“The things that had happened that year and to overcome and win with 13 girls in 2009 were amazing,” Castro said. “That was a special year. Our first year (2005) was obviously the most memorable, ever. We just kept fighting; we had been fighting every year, and we kept coming up short, one year we got second, another year third, and nationals because we didn’t think we could ever do it.”
Castor wishes that whoever is in charge of hanging banners would put up the banner from their national tournament victory in 2016. Castro is in the middle of getting ready for state competition in January. She is so meticulous that she will watch the girls dance video 22 times, once for each girl, and make notes on a notecard about what each of them did wrong and how to correct it.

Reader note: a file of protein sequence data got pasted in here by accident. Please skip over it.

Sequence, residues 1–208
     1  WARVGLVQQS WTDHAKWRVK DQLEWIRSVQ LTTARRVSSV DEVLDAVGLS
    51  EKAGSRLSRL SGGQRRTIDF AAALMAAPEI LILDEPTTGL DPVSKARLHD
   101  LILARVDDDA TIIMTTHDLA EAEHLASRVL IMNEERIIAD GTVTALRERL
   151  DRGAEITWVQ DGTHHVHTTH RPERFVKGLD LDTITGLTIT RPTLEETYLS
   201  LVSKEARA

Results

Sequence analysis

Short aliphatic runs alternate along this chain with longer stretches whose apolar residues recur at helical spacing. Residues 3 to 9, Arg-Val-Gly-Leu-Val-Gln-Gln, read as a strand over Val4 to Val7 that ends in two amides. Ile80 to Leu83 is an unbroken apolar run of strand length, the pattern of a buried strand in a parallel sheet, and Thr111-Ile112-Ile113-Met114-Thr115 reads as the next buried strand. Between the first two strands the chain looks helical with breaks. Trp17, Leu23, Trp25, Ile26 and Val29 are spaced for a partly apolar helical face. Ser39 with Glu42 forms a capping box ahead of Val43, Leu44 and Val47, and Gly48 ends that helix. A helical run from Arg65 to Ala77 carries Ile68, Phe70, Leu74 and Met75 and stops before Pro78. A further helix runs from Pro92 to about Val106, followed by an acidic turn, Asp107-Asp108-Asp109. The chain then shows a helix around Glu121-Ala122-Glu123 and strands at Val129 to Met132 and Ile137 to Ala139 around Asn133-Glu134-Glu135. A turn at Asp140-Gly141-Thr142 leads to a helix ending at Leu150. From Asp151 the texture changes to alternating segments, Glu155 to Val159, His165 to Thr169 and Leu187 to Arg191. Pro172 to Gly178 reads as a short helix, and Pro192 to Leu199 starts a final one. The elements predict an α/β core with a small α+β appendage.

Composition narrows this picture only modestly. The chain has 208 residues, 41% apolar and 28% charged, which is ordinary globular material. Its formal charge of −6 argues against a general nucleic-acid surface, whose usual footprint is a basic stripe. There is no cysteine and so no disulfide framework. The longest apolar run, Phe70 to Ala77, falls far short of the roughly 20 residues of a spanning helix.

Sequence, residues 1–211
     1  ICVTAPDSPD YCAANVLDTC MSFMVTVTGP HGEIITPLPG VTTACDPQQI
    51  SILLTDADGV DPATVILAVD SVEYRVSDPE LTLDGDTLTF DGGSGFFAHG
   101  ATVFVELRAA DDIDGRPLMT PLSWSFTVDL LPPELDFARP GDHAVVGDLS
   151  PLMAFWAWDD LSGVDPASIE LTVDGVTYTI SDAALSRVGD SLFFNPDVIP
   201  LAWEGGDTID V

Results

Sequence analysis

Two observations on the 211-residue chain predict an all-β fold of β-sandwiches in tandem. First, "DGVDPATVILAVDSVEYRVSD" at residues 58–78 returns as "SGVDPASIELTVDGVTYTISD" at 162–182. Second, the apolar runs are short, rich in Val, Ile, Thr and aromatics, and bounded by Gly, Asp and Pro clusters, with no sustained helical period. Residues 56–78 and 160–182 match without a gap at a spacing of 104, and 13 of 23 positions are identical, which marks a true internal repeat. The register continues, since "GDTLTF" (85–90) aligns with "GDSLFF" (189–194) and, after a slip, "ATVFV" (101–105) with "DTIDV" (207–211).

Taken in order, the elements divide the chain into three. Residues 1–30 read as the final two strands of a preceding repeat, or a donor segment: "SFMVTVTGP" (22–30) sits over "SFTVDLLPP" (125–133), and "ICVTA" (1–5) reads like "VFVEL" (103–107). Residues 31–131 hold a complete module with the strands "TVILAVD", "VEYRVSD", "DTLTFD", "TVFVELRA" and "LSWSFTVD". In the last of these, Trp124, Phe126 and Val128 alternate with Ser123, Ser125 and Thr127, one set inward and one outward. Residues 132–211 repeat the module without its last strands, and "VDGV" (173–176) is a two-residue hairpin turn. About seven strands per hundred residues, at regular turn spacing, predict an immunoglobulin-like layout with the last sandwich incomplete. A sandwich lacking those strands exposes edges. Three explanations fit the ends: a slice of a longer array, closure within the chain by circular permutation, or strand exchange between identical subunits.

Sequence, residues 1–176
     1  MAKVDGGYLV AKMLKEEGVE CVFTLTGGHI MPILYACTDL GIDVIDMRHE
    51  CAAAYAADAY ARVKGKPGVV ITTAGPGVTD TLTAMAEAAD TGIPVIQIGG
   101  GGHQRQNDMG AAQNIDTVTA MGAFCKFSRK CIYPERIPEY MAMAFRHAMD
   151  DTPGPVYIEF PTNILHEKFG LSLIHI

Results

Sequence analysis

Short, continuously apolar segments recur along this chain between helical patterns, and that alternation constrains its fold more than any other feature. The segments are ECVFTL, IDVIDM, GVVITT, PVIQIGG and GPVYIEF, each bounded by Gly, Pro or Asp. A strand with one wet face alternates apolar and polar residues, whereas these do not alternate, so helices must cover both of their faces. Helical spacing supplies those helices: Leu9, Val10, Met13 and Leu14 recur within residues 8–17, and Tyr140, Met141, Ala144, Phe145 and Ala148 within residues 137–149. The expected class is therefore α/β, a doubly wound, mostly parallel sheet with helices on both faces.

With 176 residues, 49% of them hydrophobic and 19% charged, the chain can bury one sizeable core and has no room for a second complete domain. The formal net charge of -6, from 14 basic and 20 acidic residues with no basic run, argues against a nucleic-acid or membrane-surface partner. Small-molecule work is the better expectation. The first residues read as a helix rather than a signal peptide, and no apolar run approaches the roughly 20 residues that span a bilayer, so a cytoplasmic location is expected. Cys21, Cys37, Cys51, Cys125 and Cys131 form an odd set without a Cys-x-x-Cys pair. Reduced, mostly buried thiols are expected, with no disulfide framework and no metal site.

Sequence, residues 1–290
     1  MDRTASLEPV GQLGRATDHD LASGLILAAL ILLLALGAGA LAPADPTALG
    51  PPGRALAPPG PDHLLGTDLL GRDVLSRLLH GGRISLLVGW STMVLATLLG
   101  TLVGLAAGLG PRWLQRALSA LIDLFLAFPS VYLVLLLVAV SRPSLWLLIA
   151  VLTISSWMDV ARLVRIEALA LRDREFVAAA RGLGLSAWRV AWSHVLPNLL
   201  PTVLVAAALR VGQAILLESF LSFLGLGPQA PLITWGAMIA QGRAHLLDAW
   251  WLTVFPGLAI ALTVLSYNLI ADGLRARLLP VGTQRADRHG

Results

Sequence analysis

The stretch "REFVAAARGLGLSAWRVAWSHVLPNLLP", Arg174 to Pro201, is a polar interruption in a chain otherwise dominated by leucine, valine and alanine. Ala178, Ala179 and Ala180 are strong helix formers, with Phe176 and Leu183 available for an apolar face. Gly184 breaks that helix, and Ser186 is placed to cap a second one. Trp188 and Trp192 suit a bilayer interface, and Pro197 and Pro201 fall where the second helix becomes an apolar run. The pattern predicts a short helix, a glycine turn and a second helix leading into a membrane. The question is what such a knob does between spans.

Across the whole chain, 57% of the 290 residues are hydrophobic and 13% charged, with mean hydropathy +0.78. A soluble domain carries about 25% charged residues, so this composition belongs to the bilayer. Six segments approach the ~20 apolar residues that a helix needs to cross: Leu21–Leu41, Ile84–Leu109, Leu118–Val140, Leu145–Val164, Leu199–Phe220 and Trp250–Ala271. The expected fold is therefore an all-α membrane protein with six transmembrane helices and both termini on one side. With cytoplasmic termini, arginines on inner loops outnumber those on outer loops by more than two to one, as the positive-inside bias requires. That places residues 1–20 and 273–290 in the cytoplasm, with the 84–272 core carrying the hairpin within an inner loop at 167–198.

“I try to be able to tell if a girl’s feet are out of position,” Castro said. “I always tell the kids there’s a chance at perfection, but there’s excellence, and that’s what we are after.”
Castro let the RDR in on how she came up with the name Charlie’s Angels. She said there was a group of teachers who started a year before she did, and they had named the group Charlie’s Angels after Charlie Coyote, who was Roswell’s mascot.
“When I came on, we didn’t have a name, and I thought, oh just keep the name,” Castro said. “When we started getting kind of popular and people started knowing who were, we couldn’t change the name.”
Because of the support from the Roswell community, Charlie’s Angels fundraisers have allowed them to be self-supporting in raising money for their trips.